He swallowed his own Vimto.

The excision of the last two I can sympathise with. Dyslexia is a major issue in prisons, so we have to be sensitive. The Captain Hook reference, I suppose, is making light of disabilities, but I think she over-reacted. The first joke, however, offends no one. On reflection - and I have puzzled over this one - I think the word "jugular" conjured up images of suicide attempts in her mind, hence the joke's deemed unsuitability. It might offend the suicidal.

Prisoners are notorious for their gallows humour - laughter is the last line of defence in an environment where the odds are stacked against you. I think, in a way, they have been denied their voice. Some would argue they don't deserve to have one. (I think the governors of my prison would be amongst them.) This brings me to my own experience of prejudice. Religion, obesity and gender were raised at our workshop, but not class or education.

Prisons are staffed, so the current wisdom goes, by men and women who are too "thick" (their word, not mine) to enter the police force. Prisoners (who on the whole are extremely intelligent) say so, but so do officers. On the whole, I must admit, they do not come across as particularly enlightened, educated or intellectually curious. They are very set in their ways, parochial, and can be narrow-minded. They enjoy the structure of military-style discipline, of not thinking for themselves. This is not to say that there are not some officers who are dynamic, sensitive and thoughtful. But they are definitely in the minority, and quite often are made to feel so.

Furthermore, the civilian staff who are employed in prisons vary wildly in the quality of the service they offer. The psychology department, for instance, is staffed exclusively by trainees. The Head of Psychology is interested only in delivering courses that fall safely within a certain remit: Enhanced Thinking Skills being one of them. It is not challenging stuff. The prisoners are well aware that they are dealing with people out of their depth. They go through the motions of attending these courses, and saying the right things, in order to fulfil the conditions of their sentences.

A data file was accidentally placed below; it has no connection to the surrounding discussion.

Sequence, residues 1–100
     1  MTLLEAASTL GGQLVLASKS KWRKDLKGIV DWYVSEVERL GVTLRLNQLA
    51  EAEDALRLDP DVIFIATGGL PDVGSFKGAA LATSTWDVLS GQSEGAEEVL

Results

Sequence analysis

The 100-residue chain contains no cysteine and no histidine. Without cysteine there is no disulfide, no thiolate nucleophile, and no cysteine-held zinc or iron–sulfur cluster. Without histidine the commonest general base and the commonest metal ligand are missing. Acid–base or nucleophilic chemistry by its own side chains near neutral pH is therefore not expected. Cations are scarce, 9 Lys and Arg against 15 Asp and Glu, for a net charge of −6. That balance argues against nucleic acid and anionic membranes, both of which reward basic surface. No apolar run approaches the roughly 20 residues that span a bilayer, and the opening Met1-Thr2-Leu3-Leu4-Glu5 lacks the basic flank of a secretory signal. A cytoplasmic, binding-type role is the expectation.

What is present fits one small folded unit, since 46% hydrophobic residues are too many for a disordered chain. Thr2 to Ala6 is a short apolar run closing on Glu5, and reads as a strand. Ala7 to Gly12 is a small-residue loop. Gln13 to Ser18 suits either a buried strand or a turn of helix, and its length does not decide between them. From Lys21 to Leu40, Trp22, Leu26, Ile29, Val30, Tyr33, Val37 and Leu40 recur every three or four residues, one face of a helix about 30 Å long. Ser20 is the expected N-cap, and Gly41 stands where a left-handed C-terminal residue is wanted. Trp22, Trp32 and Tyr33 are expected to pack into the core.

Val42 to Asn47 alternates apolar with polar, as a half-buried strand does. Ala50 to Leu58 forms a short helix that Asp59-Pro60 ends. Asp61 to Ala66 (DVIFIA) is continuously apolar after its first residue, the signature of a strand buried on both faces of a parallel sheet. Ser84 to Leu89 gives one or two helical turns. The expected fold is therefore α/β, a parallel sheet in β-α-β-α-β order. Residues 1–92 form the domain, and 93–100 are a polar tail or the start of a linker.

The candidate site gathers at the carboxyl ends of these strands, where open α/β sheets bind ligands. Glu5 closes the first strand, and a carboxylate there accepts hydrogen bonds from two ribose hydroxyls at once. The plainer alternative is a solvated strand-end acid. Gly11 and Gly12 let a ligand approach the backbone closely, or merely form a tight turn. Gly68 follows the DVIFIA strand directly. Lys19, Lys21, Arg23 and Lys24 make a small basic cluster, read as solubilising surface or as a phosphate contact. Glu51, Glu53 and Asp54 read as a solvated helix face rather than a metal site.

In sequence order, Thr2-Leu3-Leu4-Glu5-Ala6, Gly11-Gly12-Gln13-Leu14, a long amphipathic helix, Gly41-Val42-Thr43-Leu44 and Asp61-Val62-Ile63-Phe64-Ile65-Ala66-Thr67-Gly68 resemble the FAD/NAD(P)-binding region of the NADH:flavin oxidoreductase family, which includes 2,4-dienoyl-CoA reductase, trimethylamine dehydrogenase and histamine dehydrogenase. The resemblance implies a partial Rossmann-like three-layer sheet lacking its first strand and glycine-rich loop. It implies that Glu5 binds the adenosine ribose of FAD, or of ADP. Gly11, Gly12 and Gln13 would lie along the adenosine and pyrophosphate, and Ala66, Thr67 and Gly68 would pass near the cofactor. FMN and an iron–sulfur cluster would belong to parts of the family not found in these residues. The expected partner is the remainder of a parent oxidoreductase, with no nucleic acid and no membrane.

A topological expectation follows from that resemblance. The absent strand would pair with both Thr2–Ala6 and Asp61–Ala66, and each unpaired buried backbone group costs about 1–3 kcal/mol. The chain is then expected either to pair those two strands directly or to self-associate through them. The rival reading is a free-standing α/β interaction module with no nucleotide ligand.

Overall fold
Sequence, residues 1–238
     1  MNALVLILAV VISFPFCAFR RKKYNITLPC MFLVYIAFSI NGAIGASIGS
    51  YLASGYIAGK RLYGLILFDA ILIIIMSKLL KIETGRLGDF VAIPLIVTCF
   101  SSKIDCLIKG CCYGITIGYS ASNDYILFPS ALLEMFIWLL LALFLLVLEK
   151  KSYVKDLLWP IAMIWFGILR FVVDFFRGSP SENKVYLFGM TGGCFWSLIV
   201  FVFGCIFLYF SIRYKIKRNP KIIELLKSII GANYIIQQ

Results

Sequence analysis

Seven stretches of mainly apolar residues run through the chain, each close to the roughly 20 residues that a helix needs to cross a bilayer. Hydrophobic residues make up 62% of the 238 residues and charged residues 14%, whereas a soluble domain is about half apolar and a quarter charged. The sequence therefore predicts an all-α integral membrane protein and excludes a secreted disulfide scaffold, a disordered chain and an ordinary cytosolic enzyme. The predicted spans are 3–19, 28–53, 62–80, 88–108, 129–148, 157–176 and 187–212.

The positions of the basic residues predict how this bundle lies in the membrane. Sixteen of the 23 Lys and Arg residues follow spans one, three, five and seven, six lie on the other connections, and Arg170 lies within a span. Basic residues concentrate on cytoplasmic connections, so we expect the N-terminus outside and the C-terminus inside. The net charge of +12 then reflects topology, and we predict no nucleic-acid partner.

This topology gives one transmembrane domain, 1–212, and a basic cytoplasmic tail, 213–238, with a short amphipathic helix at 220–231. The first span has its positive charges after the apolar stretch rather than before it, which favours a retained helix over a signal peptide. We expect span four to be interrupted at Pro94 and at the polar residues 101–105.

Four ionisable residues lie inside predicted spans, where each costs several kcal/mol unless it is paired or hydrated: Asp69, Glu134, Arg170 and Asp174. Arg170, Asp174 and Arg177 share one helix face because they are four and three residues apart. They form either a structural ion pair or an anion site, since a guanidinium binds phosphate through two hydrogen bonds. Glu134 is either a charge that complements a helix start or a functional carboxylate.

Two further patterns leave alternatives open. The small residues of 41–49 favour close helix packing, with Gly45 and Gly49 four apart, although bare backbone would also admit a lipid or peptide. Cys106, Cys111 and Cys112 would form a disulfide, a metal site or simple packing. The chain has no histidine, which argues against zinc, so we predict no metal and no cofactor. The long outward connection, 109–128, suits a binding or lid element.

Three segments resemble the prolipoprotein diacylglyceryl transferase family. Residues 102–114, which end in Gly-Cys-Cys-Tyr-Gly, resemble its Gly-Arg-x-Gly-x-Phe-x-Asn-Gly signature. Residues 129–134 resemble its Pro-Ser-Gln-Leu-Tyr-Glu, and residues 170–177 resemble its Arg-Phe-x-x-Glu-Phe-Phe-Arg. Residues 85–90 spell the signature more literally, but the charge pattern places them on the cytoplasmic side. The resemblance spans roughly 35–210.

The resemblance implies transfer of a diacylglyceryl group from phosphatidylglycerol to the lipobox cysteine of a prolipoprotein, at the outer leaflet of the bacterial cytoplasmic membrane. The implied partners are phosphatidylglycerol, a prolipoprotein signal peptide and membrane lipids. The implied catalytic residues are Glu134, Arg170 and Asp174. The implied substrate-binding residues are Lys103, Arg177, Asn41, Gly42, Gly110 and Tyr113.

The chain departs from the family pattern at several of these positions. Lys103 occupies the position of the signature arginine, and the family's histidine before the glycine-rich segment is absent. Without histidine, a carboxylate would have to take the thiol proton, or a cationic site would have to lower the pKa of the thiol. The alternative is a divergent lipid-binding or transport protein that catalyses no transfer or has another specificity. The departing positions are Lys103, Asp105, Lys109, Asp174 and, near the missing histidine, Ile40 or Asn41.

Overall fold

I suppose the poor quality of staff is caused by the lack of government funding. Poor pay will attract poor candidates. Prisoners are not vote-winners for any government so money will not be directed at them. I do feel that my standards of professionalism - good grammar, inventive use of language, articulacy, satirical humour (well dodgy, that one) are deeply threatening to the prison regime. I feel I am being discriminated against on the basis that I am articulate, perceptive and relatively well-educated (I've got a degree). The Head of Learning and Skills, who is my "line manager", (hateful jargon) is poorly educated. Her spelling is appalling; her mindset is provincial. She is concerned with meeting targets and covering her back. This would not be a problem if she merely tolerated the fact that I am different. But no matter how powerful she is within the prison system - she is Governor Number Three, she resents me. She sees me as "posh", she worries that I am more intelligent than her. This must be making her feel insecure. I cannot blame her for resenting my indifference to bureaucratic niceties. When I attend meetings, I do not employ the jargon. But what did she expect from a writer-in-residence? Perhaps, in this prison, there is no room for someone who "thinks out of the box" - my God, this language is contagious.

When the Head of Diversity asked us to give personal examples of stereotype and prejudice, I held my tongue. It would not be politic to challenge a representative of the prison system. But as a middle-class intellectual (this is what I am in their eyes), I am subject to discrimination, prejudice and stereotyping. I can't help feeling I'd be treated with more respect if I wore a veil. At least then they could "tick a box".

Emily Kingham is the pseudonym of a writer-in-residence at a Category B prison in South East England. She is a writer and journalist. To read Emily Kingham's previous columns on prison life see Notes from a Prison.

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We have been rendered supine by the guiltmongers. But this institutional hypersensitivity does in practice slow down or even reverse the acceptance of minorities in our society.

By the way, maybe the Captain Hook joke was cancelled for fear of upsetting the followers of Abu Hamster.

Posted by: Robert H. Olley at May 1, 2007 09:30 AM